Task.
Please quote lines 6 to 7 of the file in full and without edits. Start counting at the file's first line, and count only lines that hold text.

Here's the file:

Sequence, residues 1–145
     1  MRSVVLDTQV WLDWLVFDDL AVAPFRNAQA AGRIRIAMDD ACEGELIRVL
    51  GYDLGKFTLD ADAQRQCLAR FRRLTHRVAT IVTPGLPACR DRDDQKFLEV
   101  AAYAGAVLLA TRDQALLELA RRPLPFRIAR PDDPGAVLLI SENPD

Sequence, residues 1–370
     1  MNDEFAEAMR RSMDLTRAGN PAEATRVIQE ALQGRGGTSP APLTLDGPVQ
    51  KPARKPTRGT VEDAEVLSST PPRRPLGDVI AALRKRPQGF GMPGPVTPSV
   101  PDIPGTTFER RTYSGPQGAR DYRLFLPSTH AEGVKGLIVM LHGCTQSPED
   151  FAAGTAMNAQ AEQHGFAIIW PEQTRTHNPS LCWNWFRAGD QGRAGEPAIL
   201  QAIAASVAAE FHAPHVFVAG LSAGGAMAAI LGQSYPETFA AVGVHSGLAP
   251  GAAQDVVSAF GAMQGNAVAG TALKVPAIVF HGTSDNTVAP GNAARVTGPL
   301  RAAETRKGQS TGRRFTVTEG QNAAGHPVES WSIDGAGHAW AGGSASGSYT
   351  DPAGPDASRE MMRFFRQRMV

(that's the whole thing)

     1  MNDEFAEAMR RSMDLTRAGN PAEATRVIQE ALQGRGGTSP APLTLDGPVQ
    51  KPARKPTRGT VEDAEVLSST PPRRPLGDVI AALRKRPQGF GMPGPVTPSV